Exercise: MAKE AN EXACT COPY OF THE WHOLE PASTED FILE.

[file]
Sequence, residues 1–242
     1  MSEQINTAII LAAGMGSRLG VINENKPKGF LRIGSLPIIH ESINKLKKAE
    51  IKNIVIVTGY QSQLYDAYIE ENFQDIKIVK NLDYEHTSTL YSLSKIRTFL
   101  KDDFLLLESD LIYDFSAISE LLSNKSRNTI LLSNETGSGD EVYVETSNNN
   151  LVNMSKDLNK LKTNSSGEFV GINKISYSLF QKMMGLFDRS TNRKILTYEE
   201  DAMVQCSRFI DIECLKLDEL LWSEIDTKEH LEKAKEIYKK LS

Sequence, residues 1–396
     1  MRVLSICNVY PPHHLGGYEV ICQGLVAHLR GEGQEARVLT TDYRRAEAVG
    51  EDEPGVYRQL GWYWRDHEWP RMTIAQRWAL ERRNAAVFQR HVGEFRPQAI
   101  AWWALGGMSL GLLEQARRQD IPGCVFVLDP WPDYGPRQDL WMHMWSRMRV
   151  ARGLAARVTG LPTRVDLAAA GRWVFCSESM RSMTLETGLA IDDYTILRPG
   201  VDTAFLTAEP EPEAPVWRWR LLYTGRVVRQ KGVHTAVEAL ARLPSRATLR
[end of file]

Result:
Sequence, residues 1–242
     1  MSEQINTAII LAAGMGSRLG VINENKPKGF LRIGSLPIIH ESINKLKKAE
    51  IKNIVIVTGY QSQLYDAYIE ENFQDIKIVK NLDYEHTSTL YSLSKIRTFL
   101  KDDFLLLESD LIYDFSAISE LLSNKSRNTI LLSNETGSGD EVYVETSNNN
   151  LVNMSKDLNK LKTNSSGEFV GINKISYSLF QKMMGLFDRS TNRKILTYEE
   201  DAMVQCSRFI DIECLKLDEL LWSEIDTKEH LEKAKEIYKK LS

Sequence, residues 1–396
     1  MRVLSICNVY PPHHLGGYEV ICQGLVAHLR GEGQEARVLT TDYRRAEAVG
    51  EDEPGVYRQL GWYWRDHEWP RMTIAQRWAL ERRNAAVFQR HVGEFRPQAI
   101  AWWALGGMSL GLLEQARRQD IPGCVFVLDP WPDYGPRQDL WMHMWSRMRV
   151  ARGLAARVTG LPTRVDLAAA GRWVFCSESM RSMTLETGLA IDDYTILRPG
   201  VDTAFLTAEP EPEAPVWRWR LLYTGRVVRQ KGVHTAVEAL ARLPSRATLR